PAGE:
My name is Brendan McConville, I am writing to you from a prison cell in Maghaberry Prison in the North of Ireland. I along with John Paul Wootton have spent almost nine years locked up as casualties of a gross miscarriage of justice. Our story has become known as the Craigavon Two and I would like to tell you a little about the circumstances of my wrongful conviction and its impact upon my family and me.
On 9 March 2009, police constable Stephen Carroll was shot and killed in Craigavon, County Armagh. However, it wasn’t until the following morning that this event, in which I had absolutely no involvement, came crashing into my life.
My ordeal began around noon with the arrival of armed police in armoured vehicles at my home, which I shared with my fifteen-year-old son. The police proceeded to carry out a forensic search of the property and I was subsequently arrested and taken to Antrim interrogation centre. I was later to learn that other Republican activists and individuals local in the area, including John Paul had also been arrested and brought to the same place.
I was to spend 15 days in Antrim and undergo 30 separate interviews, during which the police claimed that my DNA profile had been discovered on a brown jacket recovered from the boot of John Paul’s car, which also had traces of gun-shot residue on it. On the basis of this questionable evidence we were both charged with murder, John Paul was 17 at the time. As John Paul was a juvenile at the time his identity was withheld from publication, where as I was paraded before the glare of the media in handcuffs and my name broadcast over TV and newspapers.
I was taken to Maghaberry Prison where I waited almost three years for a trial, which eventually took place in Belfast, without a jury. The case was heard by a single judge who performed the dual role of both judge and jury. At the trial it was revealed that the brown jacket retrieved from the car, had multiple DNA profiles on it which a prosecution forensic expert conceded had come from at least three separate people and possibly up to ten different individuals. Furthermore, two prosecution experts and a defence expert agreed that the residue did not contain all the elements of gun-shot residue and therefore could not be said with complete certainty to have emanated from a firearm. Additionally, the jacket was completely dry when recovered, even though it had rained heavily on the night of the shooting.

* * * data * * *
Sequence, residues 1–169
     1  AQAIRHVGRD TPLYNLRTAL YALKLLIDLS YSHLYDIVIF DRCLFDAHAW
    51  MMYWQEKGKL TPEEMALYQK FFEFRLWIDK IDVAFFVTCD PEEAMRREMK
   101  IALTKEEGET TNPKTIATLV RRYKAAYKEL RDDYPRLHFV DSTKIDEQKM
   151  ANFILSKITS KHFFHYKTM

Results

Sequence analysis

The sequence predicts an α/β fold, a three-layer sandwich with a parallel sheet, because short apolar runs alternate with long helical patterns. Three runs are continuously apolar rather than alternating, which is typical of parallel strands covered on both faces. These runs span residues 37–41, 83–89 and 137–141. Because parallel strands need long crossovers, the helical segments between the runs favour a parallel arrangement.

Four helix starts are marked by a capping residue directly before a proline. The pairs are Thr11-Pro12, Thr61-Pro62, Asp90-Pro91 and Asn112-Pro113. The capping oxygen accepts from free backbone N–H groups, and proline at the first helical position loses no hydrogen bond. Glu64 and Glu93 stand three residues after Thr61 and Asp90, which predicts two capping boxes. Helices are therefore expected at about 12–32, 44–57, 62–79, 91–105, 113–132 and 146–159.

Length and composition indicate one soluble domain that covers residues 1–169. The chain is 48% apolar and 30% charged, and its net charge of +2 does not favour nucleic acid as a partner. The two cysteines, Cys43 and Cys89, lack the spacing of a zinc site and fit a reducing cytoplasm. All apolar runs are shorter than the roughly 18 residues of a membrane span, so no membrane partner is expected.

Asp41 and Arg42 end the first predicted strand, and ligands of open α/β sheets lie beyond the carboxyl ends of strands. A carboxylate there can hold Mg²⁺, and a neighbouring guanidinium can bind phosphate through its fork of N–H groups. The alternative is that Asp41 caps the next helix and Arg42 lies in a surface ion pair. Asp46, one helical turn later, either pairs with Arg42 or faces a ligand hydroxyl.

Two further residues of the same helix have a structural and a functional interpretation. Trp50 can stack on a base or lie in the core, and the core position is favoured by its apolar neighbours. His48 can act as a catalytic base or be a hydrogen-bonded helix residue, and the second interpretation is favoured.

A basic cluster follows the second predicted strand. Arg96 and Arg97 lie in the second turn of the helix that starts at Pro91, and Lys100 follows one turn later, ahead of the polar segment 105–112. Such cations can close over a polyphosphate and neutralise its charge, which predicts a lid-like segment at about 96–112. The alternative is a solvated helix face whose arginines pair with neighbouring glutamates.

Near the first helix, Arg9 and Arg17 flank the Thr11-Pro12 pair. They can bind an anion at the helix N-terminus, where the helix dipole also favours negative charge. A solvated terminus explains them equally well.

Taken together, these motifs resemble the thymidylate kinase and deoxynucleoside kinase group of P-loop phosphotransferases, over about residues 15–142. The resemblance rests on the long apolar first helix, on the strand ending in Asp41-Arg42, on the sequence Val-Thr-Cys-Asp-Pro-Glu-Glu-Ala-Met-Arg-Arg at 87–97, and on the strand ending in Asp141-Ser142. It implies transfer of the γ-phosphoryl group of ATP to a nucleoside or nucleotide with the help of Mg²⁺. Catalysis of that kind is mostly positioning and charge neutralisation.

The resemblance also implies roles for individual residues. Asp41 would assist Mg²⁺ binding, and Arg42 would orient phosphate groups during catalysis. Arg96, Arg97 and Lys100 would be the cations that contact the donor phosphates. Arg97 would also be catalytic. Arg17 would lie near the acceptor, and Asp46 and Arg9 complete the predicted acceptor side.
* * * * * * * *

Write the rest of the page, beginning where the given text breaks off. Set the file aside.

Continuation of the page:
Approximately 11 months after the shooting on Valentine’s night a man whose father would later claim a “compulsive liar” and “Walter Mitty” contacted the police and said he saw me that night wearing a “green” army coat in the proximity of where the policeman was shot. During cross examination, the alleged witness who was referred to as Witness M denied that he had been prescribed glasses. However, a prescription produced by defence showed M had been prescribed glasses due to short-sightedness and astigmatism. A prosecution ophthalmologist concluded that someone with M’s condition would not be able to identify facial features beyond eight yards. Measurements showed that the distance M claims to have seen me was over 16 yards. Moreover, M’s partner who he claimed was with him, could not confirm his version of events. It also transpired that M contacted police while drunk and had previously received treatment for psychological problems. M also benefitted financially from his evidence, including a £50,000 reward from The Sun newspaper.
The final element of the case related to a tracking devise fitted to John Paul’s car. This showed his car was actually parked in the middle of a housing estate approximately a quarter of a kilometre away from the incident. It was also revealed that data relating to the car’s movement in the aftermath of the shooting had been mysteriously erased by unidentified British soldiers.
John Paul and I were both found guilty of murder under the joint enterprise doctrine, no specific role was ascribed to either of us. I was given a 25 year, tariff while John Paul is serving an 18 year tariff.
Since being in prison I received a letter to which I responded, from this correspondence a beautiful friendship and love blossomed. A year ago I became married to Siobhán, who heads my family led campaign for justice. I find escape from the daily grind of prison by studying and am half way through an Open University degree, I go to the gym daily and also play guitar. The Craigavon Two campaign has attracted widespread support and was originally headed by the late Gerry Conlon of the Guildford 4.
My case is now currently being reviewed by the CCRC (Criminal Case Review Commission)
I am asking for your help to spread the word of our miscarriage of justice. Injustice for one is injustice for all. Please visit “The C 2” Facebook page my wife runs, for more information.